2. replace all the portlights
3. get the traveler to work a bit easier
4. GO SAILING! :)[/QUOTE]
 

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not-so-old salt
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156 Posts
Discussion Starter · #7 ·
Some Photos

Before with ablative paint and rosettes.


After: with Petit paint (ablative was sanded off down to bare stuff and keel all purdy - (yes - I know there are three different hues of blue - Boot stripe is a future project)



In the water:


With name finally applied:
 

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What a great experience
That's the way to think! Do as much of your own work as possible and when unsure, ask questions! SailNet is awesome; I've been on the water for 41 years and a boat owner for 25 years, AND I STILL LEARN FROM SAILNETers!

Aside from saving a few $$$, the sense of satisfaction and security from knowing your boat intimately is priceless!

Keep us posted - you're hooked if you find mucking around in a bilge fun. :)
 

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Telstar 28
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992 Posts
Allan's got a good point... You should do something about that toe rail, which looks like it'd eat a dock line in a storm rather quickly.
 

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not-so-old salt
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156 Posts
Discussion Starter · #12 ·
Pretty Boat?

Went for a sail yesterday and for the first time since we've owned the boat (11 months) - someone sailed by and said "What a pretty boat". That absolutely made our week! Gorgeous day - 72 degrees, no clouds, wind 10-15kts. The rigging only needs a minor tune on the lowers. My first experience on a newly painted bottom...what a difference!

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SD - Yeah -there's two areas on the toe rail that are troubling. The toerail has a smooth, rounded edge everywhere but the ends and only the aft gives me trouble with the dock line. The line in the photo is chewed from being around the cleat. The local West Marine went out of business and I got a bunch of dock lines ready to go - on the cheap.

Allan's got a good point... You should do something about that toe rail, which looks like it'd eat a dock line in a storm rather quickly.
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WinterRiver,
We bought the port lights about 6 months ago, but had to wait for the Texas heat to abate before attempting the replacement. We got the New Found Metals ports and I've read his instructions half a dozen times. They're printed off and in the box of port lights already! What a great resource for information. I'd like to hire that guy!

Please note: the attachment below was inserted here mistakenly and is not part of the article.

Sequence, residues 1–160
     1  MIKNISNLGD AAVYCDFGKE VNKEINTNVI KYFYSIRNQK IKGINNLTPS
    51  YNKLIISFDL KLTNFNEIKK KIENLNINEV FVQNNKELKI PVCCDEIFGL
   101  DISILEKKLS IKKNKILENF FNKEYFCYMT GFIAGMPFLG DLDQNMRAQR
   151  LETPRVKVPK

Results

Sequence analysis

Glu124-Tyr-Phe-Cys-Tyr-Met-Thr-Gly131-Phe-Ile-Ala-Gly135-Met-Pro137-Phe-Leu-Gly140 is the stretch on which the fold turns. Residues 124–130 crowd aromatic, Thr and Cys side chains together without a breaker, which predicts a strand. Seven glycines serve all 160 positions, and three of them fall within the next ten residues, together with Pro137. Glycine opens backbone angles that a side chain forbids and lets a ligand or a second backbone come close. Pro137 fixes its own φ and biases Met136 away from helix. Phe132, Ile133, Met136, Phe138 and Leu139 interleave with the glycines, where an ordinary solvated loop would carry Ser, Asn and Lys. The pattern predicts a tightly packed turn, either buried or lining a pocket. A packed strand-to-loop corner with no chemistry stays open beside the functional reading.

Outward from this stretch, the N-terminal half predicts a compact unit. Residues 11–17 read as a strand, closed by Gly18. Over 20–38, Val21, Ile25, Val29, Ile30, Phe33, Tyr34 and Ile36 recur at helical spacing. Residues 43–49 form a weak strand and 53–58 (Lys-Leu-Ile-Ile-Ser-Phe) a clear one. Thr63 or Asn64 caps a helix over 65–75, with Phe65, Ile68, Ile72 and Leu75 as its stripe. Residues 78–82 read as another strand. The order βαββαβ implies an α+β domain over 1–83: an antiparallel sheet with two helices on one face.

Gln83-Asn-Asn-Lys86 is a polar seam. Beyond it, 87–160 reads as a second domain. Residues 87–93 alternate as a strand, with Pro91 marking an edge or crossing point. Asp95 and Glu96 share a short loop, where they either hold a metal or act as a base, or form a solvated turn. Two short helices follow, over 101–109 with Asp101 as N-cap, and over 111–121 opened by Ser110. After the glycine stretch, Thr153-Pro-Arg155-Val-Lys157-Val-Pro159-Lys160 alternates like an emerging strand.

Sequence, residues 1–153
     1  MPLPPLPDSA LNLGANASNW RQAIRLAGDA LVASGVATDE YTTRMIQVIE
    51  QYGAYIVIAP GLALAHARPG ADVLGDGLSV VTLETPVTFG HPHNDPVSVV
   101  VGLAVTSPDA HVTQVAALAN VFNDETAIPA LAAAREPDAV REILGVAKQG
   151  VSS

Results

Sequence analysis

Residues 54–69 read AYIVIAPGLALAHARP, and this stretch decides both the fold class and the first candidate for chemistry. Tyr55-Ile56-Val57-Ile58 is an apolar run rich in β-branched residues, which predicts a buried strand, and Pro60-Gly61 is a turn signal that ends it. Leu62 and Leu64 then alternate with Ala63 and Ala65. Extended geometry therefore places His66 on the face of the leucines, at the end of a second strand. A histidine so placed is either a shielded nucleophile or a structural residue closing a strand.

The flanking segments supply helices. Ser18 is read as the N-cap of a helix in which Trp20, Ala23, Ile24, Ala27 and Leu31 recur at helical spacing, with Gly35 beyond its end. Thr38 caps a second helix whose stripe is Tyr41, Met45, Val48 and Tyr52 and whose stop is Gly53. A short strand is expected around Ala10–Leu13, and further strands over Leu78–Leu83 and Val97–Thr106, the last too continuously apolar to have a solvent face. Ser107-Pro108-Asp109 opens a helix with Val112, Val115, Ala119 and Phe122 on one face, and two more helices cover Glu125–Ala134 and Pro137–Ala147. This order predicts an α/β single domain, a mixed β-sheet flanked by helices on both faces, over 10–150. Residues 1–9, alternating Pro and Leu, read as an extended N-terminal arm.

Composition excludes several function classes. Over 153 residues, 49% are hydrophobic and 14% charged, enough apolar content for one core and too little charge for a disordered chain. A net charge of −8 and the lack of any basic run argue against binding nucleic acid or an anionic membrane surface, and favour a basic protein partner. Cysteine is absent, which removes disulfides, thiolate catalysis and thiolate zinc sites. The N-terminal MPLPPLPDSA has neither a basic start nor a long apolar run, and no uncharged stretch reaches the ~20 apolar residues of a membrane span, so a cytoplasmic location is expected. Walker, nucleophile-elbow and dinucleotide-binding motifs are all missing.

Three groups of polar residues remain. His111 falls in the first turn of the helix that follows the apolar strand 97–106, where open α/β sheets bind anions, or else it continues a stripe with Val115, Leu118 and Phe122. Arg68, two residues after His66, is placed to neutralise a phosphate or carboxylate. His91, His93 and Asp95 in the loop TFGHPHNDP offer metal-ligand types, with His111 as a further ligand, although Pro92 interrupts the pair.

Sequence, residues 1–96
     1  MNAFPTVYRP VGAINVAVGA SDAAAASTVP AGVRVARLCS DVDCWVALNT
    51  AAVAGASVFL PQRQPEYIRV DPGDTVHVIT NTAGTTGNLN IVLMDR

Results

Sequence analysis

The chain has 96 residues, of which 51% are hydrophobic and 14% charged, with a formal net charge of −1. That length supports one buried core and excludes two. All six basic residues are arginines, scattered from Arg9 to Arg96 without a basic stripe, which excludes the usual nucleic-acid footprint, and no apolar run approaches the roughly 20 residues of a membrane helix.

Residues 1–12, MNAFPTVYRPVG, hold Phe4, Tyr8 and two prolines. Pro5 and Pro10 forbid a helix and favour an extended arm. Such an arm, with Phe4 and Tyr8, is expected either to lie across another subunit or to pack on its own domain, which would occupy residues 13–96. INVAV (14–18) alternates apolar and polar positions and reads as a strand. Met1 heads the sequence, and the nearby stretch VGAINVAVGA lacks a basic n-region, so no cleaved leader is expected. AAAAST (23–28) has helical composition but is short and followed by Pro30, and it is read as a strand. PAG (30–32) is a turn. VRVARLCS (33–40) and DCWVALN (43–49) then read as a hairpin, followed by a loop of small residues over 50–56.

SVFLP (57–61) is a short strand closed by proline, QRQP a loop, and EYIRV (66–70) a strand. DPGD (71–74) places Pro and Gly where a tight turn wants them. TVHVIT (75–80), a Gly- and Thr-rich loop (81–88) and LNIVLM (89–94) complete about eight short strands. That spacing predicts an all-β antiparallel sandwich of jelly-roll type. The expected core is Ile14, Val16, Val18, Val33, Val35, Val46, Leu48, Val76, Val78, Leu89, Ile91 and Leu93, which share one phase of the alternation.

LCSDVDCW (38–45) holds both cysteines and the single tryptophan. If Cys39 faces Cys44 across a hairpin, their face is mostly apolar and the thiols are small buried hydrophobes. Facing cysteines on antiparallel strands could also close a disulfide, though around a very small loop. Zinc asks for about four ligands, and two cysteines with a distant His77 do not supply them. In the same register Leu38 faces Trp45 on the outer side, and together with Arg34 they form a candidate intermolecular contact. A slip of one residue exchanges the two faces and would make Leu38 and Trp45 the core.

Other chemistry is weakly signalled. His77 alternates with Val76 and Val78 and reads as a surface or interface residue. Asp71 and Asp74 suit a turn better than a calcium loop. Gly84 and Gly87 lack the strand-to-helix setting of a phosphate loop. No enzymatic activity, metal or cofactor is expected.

Make sure you read Maine Sail's detailed description of replacing portlights. One of his many wonderfully documented and photographed projects.
 

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not-so-old salt
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156 Posts
Discussion Starter · #13 ·
SD/Alan - upon further review by the replay official, I see the edge that y'all are talking about. Not the top edge, but the outer one. It's not caused any wear issues (yet) and it's blown 50 mph here since I've owned the boat.

I see it. I think I'll get some leather scraps and sew them onto the new dock lines for chafe protection since the dock lines stay on the dock and another set of lines are in the locker. Project added to the list ... gee thanks guys. :)
 

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SD/Alan - upon further review by the replay official, I see the edge that y'all are talking about. Not the top edge, but the outer one. It's not caused any wear issues (yet) and it's blown 50 mph here since I've owned the boat.

I see it. I think I'll get some leather scraps and sew them onto the new dock lines for chafe protection since the dock lines stay on the dock and another set of lines are in the locker. Project added to the list ... gee thanks guys. :)
Just curious, where is your boat?
 

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Telstar 28
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Tony-

I'd recommend using woven spectra/dyneema chafe guards, as one major cause of dock line failure is the nylon overheating and the heat causing the lines to fail. Leather, or plastic/rubber hose chafe guards prevent water from getting to the nylon and soaking it—which can cool and lubricate the line and prevent failure from internal friction heating.
 

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Retired and happy
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228 Posts
Austin, TX - Lake Travis.
Ah - been there, but not in a boat. Went to the restaurant on top of the cliff (can't remember its name) and drank wine and tequilas until the sun went down. Funny, but it looked a bit blurry......

Great place, great story about your boat. Many of us recognize the situation only too well! :D

Stuart
 

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not-so-old salt
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156 Posts
Discussion Starter · #20 ·
Stuart,

You're talking about "The Oasis". It got struck by lightning (again) a few years back and is now completely rebuilt. Higher, bigger, and with an eye to safety. No more creaking decks! They still ring the bell at sunset and applaud mother nature.